Routt County Board of Commissioners looks to create minor process for urban growth boundary
Steamboat Springs — On Tuesday, the Routt County Board of Commissioners considered the process by which Steamboat Springs’ urban growth boundary is amended.
The commissioners and the Steamboat Springs City Council at their September joint meeting directed staff members to evaluate the process and criteria for how parcels apply to be included within the urban growth boundary.
The Steamboat Springs and Routt County planning commissions already have taken up the issue in their own meetings, and the commissioners had reviewed the minutes from those meetings for their own discussion Tuesday.
The city’s planning commission had recommended eliminating some criteria from the process, and the county’s planning commission was unable to reach consensus on eliminating criteria or a process for minor amendments to the urban growth boundary.
After hearing from staff and members of the public, the commissioners directed staff to look into creating a process for minor amendments to the boundary and a way to define what is considered minor. The commissioners supported leaving major changes to the boundary to planned reviews of the Area Community Plan.
The urban growth boundary separates Steamboat Springs from Routt County and has served as a hard check against sprawl. There currently is no differentiation between considering a 200-acre parcel for inclusion or a half-acre parcel, and all 11 individual applications that have been submitted to expand the boundary have been denied. There have been changes made to the boundary through reviews of the Area Community Plan where it is contained, and three reviews have taken place since the boundary was established in 1995.
Commissioner Doug Monger opened the discussion by saying he was enthused that the city and county had taken up this issue. He’d voted against all 11 applications because he thought it was impossible to meet the five criteria required for inclusion in the boundary.
Commissioner Steve Ivancie said that he’s heard the word “tweaking” used quite a bit in the context of parcels that are not included in the boundary that have city services or parcels that are split by the boundary. He said that it would behoove the county not to jump to radical changes.
Some of the members of the audience had been at the previous meetings and were there to reiterate their opinions as to whether the urban growth boundary criteria are too stringent or if the boundary has done exactly what it was intended to do.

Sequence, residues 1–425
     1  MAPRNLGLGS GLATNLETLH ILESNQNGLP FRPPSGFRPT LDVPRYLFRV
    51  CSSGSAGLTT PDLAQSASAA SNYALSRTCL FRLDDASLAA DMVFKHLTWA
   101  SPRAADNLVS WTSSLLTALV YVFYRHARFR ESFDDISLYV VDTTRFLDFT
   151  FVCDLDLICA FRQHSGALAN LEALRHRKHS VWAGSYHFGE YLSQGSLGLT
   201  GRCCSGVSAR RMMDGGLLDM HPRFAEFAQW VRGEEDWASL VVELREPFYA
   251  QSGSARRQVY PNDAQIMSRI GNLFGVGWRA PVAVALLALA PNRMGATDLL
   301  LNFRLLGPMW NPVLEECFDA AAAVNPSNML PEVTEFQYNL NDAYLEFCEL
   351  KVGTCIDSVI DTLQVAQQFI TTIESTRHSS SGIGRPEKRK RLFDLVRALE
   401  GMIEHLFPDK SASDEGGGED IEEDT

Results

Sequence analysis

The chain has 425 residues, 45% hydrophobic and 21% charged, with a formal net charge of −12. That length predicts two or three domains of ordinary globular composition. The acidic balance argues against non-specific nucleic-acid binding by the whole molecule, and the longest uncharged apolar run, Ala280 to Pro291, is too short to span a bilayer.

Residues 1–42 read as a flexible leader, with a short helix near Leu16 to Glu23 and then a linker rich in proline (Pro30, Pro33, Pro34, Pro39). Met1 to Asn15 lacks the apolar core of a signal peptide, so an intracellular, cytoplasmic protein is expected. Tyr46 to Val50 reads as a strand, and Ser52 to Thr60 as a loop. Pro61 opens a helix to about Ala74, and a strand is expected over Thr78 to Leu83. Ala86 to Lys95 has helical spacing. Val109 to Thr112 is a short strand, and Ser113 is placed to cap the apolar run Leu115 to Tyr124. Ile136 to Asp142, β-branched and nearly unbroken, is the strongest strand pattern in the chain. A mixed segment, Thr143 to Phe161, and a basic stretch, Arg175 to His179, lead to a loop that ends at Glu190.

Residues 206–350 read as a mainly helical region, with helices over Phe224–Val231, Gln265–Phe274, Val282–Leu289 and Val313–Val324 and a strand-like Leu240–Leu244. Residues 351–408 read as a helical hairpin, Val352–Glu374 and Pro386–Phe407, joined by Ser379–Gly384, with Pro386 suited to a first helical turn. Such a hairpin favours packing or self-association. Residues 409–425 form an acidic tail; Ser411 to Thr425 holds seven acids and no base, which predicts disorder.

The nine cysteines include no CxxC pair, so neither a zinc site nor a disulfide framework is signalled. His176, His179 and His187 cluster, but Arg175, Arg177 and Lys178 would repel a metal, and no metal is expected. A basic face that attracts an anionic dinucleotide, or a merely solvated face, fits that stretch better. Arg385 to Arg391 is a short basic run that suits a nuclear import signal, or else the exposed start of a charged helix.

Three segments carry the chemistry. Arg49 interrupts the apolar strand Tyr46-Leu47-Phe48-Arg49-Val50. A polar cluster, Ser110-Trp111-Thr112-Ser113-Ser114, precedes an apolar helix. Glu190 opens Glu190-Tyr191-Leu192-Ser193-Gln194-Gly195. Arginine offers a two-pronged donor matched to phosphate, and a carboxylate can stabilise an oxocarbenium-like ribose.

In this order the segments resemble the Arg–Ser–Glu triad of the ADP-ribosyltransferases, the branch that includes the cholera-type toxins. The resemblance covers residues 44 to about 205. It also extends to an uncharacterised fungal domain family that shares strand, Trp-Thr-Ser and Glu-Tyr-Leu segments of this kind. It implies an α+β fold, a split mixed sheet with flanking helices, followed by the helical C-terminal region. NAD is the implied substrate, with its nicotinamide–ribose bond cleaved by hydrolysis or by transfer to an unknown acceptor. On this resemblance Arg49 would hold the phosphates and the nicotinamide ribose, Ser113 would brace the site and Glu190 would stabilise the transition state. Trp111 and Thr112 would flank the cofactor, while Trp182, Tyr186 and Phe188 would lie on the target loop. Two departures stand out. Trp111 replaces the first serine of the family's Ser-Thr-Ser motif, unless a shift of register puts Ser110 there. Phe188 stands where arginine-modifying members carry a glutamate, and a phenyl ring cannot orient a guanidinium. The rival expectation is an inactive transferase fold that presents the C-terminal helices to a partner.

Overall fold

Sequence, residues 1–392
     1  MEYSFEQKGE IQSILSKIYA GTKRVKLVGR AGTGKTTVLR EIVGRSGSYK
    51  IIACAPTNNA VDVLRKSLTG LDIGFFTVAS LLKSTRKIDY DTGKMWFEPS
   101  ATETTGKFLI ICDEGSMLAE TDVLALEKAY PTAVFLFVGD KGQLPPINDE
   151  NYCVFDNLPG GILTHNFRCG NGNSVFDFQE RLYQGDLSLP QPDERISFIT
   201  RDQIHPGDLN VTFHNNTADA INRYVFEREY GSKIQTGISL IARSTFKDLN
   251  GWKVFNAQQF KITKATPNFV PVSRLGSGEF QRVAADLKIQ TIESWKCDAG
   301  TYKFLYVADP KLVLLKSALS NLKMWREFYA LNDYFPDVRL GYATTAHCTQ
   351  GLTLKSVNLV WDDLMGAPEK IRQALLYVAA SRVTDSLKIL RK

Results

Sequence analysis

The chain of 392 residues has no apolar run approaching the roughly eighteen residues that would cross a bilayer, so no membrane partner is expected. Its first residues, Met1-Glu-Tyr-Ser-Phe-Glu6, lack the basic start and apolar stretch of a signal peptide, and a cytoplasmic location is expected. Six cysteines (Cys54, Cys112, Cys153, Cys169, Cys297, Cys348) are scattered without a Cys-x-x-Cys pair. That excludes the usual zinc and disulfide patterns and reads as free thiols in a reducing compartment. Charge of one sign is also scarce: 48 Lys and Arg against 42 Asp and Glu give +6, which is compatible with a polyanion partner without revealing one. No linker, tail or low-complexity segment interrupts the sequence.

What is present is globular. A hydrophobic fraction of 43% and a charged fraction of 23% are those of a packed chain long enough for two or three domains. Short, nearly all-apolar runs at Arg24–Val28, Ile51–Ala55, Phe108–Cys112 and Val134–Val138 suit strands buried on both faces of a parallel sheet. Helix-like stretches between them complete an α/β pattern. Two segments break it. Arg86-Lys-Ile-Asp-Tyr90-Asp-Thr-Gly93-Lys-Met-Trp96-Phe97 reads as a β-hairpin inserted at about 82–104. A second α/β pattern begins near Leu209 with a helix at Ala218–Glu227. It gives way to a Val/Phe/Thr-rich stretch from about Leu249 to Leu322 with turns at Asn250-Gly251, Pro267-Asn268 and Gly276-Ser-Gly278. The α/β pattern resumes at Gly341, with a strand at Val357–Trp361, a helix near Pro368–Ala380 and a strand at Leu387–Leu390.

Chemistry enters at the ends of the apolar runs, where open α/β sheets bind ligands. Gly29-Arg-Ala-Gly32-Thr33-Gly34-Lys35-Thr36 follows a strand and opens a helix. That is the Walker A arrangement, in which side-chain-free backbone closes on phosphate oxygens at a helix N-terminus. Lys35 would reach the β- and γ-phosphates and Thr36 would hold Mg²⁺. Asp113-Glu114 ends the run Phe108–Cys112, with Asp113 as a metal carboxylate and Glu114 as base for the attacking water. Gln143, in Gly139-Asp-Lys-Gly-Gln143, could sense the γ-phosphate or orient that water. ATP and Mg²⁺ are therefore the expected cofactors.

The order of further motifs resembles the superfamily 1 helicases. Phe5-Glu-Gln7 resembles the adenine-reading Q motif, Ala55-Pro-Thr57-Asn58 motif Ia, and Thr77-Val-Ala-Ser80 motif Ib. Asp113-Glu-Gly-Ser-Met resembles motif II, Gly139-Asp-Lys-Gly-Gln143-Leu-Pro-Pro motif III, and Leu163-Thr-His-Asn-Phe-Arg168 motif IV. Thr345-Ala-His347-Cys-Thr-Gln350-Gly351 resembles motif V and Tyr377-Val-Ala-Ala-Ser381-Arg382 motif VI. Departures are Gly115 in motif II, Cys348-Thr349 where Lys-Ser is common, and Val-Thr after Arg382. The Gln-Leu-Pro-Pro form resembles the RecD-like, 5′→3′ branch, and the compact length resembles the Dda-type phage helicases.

“The root of the problem is the criteria,” Peter Patton said during public comment. Patton said he’s been involved with several of the 11 applications and that it is a frustrating process for applicants and decision makers.
Patton advocated for the removal of some criteria that are also included in the annexation process and said there also should be separate processes for minor and major changes.
“When you have parcels that are adjacent to city limits that had city services for decades and are small in acreage, that’s a very different type of criteria than a major community growth path criteria,” he said.
Former Routt County Commissioner Ben Beall said he thought the urban growth boundary has been successful.
He voiced support for leaving the criteria unchanged for applications to change the boundary. The major plan updates are the time to make changes to the boundary, he said.
Watering down the criteria for expanding the boundary, Beall said, would weaken the county’s position because it has no say in annexation, the next step in the process of adding land to the city of Steamboat Springs.
Allowing individual applications to change the urban growth boundary would place economic interests ahead of community interests, he said.
Steamboat Springs resident Al Rosenthal said it might be appropriate to keep the bar high for including large parcels in the urban growth boundary but that small adjustments should not have to sit and wait for a major plan review.
Commissioners Steve Ivancie and Tim Corrigan said they were wary of lessening the county’s voice by eliminating criteria for the process, but they saw that some minor adjustments in the boundary should be allowed for certain parcels.
“I don’t think that hard edge should prevent common-sense adjustments,” Corrigan said.
“If we’re going to make them impossible, we just ought to not have the process,” Monger said about the high standard of the criteria that has kept any application from succeeding.
Monger said that in his own votes he has struggled with the criteria that adjustments to the boundary must provide public benefit.
Concentrating growth is a benefit to the county, he said.
If Steamboat can’t accommodate growth, more people will be moving onto 35-acre sites across Routt County, Monger said, and the county will be responsible for serving them.
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